“Alleged” Victims

The horrible story about the former Penn State coach has reminded me of something that bothers me: the term “alleged victim”.

I don’t think that I have ever heard this term applied at any time other than when a sex-related crime is under discussion. If a convenience store is held up, the store clerk is referred to as a victim, not an “alleged” victim.

If a rape is discussed, you will without question hear reference to the “alleged” victim. I know that the definition of the word allege can be used this way, but when it is used only for victims of sex crimes, I believe that it casts doubt about whether the crime actually took place.

I know that news people feel they have to use “alleged” when discussing an actual or accused perpetrator.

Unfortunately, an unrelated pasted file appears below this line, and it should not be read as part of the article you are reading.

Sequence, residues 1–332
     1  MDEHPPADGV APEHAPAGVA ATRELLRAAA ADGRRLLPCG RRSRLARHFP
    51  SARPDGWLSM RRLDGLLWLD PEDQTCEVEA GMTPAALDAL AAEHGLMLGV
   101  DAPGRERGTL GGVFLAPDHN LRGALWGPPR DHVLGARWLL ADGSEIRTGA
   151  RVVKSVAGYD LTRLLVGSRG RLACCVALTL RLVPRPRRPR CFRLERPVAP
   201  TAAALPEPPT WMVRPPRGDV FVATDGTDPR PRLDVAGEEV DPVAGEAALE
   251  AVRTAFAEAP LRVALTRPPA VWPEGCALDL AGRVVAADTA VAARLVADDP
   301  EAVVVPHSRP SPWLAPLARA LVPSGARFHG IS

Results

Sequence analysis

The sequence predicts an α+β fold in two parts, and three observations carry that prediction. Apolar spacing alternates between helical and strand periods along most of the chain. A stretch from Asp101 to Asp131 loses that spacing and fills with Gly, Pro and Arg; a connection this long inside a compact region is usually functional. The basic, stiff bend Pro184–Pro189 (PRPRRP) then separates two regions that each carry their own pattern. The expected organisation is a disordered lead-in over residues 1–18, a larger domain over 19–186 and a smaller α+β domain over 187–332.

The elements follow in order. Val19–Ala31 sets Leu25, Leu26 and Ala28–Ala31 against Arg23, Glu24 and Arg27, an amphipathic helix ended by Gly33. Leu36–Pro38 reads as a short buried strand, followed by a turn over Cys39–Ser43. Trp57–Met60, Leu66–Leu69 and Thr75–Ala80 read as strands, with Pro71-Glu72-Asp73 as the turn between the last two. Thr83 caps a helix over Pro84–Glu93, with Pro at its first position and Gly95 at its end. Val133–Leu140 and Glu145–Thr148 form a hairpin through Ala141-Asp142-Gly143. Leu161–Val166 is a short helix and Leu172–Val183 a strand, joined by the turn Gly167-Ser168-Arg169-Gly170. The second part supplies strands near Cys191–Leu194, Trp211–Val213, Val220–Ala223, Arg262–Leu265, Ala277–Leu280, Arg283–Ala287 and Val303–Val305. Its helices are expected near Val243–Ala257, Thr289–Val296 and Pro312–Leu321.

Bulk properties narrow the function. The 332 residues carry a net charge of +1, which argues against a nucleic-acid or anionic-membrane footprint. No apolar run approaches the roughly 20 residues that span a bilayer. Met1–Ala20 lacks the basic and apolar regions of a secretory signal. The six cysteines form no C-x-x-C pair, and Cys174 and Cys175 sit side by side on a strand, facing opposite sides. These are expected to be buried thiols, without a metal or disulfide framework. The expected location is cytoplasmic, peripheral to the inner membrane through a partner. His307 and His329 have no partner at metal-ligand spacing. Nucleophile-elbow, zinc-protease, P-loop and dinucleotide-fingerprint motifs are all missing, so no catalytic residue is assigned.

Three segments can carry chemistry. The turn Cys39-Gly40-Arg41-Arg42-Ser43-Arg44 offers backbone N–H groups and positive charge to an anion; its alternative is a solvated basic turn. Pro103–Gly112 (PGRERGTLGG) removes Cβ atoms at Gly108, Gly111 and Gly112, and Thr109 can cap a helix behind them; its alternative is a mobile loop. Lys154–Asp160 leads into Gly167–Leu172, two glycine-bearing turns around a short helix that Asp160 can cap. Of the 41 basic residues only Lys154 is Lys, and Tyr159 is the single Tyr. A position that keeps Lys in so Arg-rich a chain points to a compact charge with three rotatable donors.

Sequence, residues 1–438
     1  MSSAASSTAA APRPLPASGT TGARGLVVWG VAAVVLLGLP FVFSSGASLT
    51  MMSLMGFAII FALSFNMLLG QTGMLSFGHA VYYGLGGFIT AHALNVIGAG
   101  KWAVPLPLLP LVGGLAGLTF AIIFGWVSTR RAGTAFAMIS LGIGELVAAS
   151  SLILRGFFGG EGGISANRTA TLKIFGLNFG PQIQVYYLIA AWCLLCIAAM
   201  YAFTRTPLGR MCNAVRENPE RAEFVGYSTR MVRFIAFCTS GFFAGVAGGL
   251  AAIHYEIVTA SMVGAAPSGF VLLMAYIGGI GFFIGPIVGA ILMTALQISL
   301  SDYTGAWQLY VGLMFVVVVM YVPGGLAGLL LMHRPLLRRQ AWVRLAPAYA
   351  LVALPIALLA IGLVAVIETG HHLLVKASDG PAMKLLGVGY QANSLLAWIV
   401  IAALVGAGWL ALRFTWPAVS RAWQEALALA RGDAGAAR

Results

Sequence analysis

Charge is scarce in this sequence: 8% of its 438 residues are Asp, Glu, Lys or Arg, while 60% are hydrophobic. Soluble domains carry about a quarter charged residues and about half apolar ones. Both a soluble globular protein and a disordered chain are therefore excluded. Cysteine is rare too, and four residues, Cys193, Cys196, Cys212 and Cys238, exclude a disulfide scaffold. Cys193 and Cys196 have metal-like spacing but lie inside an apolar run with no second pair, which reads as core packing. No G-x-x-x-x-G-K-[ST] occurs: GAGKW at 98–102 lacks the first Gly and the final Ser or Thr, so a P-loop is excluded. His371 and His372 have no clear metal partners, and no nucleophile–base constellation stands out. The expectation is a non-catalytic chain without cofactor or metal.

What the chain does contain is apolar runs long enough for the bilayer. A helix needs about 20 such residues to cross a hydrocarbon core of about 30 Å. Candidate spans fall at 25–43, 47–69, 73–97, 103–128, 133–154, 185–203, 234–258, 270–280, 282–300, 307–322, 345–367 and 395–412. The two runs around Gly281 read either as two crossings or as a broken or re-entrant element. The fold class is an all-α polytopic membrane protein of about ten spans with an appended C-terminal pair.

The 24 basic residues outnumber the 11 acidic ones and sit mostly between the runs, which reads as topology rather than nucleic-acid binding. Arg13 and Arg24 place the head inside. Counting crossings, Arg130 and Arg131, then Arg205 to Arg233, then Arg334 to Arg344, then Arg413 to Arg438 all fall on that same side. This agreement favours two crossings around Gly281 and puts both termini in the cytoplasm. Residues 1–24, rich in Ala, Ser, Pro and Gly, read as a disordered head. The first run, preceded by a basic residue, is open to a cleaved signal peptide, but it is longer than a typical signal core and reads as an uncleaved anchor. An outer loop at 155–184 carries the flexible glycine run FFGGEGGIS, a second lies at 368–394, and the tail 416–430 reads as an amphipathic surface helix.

News people, let’s stick with “victim” when sex crimes are discussed. How about it?

One Response to ““Alleged” Victims”

  1. Tom Says:

    I’ve seen it used frequently this way when discussing sex crimes in which the evidence is limited to “he said/she said” with no physical evidence. I’ve never hear it said where there were witness who detained the perp at the scene or when there was DNA evidence along with physical harm. I have heard it used for data rape situations, which are invariably he said/she said. I’ve also heard it applied to the supposed victim of unproven swindles. The key seems to be, for legitimate use, that the crime isn’t proven to have occured.

    Unfortunately, there doesn’t seem to be a better word in English for a victim whose status is not legally established. “Complainant” works, but is still missing part of the meaning. “Accuser” works well for some situations. “Alleged victim” is simply an inadequate choice that is aggravated by people’s ignorance of the language.

    On the other end of the scale, I’ve heard several times that an “alleged rapist who was convicted today of the crime will appealing his conviction.”

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